Rumah Api: The Home of DIY Punk in Kuala Lumpur

A brief conversation with a founding member of the DIY, political, music and art space in Kuala Lumpur

Save Rumah Api artwork by Adam Jamal

Rumah Api is an alternative space in Kuala Lumpur, which is dedicated to spreading the DIY punk ethos of non-conformity and counterculture in its area. It exists by putting into practice the broader societal values of self-organization, solidarity and people working together to build stronger communities. Inspired by spaces such as 924 Gilman in the US, Ungdomshuset in Copenhagen, or Köpi in Berlin, Rumah Api (it translates as House of Fire) is committed to make punk a real alternative movement for young people in Malaysia. Fundamentally opposed to any form of discrimination or violence, the anarchist punk house has been targeted and attacked numerous times in the past by either cops, Malay Power skinheads, or the city council.

Unfortunately, despite their long and exhausting struggles, which also include helping mobilize local communities to resist the construction of the controversial Sungai Besi-Ulu Kelang (SUKE) highway and save the old punk house sitting on the main road of the construction plans, the house was eventually demolished. The people of Pekan Ampang have subsequently lost the fight to Malaysia 2020 Vision development plans and lost an unique space that valued self-governance and freedom before power and profits.

Interested in the present state of Rumah Api after the crew has relocated to its new home in a state-owned building, we’ve had a conversation with Man Beranak, an original founding member of the collective punk house.

Punk legends MDC playing at Rumah Api

Can you start with a brief introduction to Rumah Api and how it came to be?

We started around the end of 2010. Before becoming Rumah Api the place was called Gudang Noisy, which was run by someone else. After the Gudang Noisy tenant overdue the rent and ended up with owing lots of money, the landlord kicked him out. That person was really close to me and asked me to take care of the place. This is how me and some friends started Rumah Api as a collective punk house.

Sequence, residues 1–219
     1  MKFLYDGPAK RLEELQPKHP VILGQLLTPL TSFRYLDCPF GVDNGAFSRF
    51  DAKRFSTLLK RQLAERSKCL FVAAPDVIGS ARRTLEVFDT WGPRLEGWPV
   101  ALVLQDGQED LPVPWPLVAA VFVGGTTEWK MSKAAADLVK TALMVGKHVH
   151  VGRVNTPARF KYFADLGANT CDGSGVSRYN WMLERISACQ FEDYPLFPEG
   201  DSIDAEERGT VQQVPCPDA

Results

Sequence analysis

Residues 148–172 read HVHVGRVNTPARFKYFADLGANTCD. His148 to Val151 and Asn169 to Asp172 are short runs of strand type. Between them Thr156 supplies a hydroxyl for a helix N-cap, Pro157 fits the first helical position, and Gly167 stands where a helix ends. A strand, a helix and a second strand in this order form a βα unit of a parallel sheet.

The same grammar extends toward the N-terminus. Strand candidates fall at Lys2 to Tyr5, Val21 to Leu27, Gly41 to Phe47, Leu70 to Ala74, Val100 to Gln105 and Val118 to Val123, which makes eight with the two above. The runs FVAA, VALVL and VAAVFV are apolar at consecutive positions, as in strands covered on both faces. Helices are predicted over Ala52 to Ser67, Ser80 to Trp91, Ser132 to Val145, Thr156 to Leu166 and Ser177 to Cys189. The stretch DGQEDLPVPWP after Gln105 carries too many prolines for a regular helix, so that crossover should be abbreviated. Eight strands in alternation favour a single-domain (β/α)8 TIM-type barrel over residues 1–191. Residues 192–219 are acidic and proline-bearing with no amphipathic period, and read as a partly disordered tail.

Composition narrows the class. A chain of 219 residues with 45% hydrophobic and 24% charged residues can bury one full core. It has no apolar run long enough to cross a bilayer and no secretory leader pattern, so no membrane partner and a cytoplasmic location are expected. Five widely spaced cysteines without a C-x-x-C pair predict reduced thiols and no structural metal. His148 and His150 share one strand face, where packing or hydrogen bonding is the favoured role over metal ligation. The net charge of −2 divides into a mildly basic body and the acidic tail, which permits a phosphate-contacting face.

Why did you change the location and what’s different about the current space compared to the old house? I think, you were forced to leave because of a controversial highway project affecting the whole community in Pekan Ampang. What actually happened during that time?

We changed the location because the government wanted to demolish the building to make a new highway called SUKE. Yes, they forced us to leave and paid some money to Rumah Api and the landlord. We did protest, we spread flyers to inform the people how bad this highway will be for the area and the neighbours but in the end the landlords agreed to have their building destroyed because they got lots of money from the government.


Tell me about Kuala Lumpur and the place where Rumah Api is situated right now. What’s the current situation with the authorities and do you still have any threats of eviction or police raids at punk gigs, even at the new location?

Kuala Lumpur sucks. There’s huge traffic all the time. Rumah Api is now located at the 18 floor of a City Council building Pandan Indah. So far we haven’t had any problems with the authorities at the new place.

What are the guiding principles and values for Rumah Api? Do you all see punk as a vehicle for social change and how do you continue to interact with the society outside of the punk subculture?